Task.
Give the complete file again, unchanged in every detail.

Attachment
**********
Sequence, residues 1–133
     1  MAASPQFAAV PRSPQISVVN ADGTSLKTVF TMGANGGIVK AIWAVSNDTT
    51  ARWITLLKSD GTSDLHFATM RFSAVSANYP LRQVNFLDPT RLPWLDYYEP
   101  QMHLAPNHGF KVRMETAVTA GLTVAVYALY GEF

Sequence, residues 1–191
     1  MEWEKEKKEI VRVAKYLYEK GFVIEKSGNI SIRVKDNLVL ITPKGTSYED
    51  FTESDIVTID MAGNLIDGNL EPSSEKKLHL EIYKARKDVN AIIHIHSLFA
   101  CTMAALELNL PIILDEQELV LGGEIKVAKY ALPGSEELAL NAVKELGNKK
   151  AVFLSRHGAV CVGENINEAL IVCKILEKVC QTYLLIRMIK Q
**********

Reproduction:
Sequence, residues 1–133
     1  MAASPQFAAV PRSPQISVVN ADGTSLKTVF TMGANGGIVK AIWAVSNDTT
    51  ARWITLLKSD GTSDLHFATM RFSAVSANYP LRQVNFLDPT RLPWLDYYEP
   101  QMHLAPNHGF KVRMETAVTA GLTVAVYALY GEF

Sequence, residues 1–191
     1  MEWEKEKKEI VRVAKYLYEK GFVIEKSGNI SIRVKDNLVL ITPKGTSYED
    51  FTESDIVTID MAGNLIDGNL EPSSEKKLHL EIYKARKDVN AIIHIHSLFA
   101  CTMAALELNL PIILDEQELV LGGEIKVAKY ALPGSEELAL NAVKELGNKK
   151  AVFLSRHGAV CVGENINEAL IVCKILEKVC QTYLLIRMIK Q